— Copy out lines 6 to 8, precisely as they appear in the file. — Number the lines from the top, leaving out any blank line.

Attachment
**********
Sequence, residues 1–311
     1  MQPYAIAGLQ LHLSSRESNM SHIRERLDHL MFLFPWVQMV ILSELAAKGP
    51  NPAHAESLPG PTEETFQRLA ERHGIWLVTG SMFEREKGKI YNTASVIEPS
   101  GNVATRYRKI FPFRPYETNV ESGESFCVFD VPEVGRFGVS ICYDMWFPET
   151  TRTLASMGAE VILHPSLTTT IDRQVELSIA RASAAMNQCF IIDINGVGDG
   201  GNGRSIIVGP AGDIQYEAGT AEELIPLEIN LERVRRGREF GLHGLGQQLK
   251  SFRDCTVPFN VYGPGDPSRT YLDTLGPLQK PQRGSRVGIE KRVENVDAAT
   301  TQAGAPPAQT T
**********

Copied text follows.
   201  GNGRSIIVGP AGDIQYEAGT AEELIPLEIN LERVRRGREF GLHGLGQQLK
   251  SFRDCTVPFN VYGPGDPSRT YLDTLGPLQK PQRGSRVGIE KRVENVDAAT
   301  TQAGAPPAQT T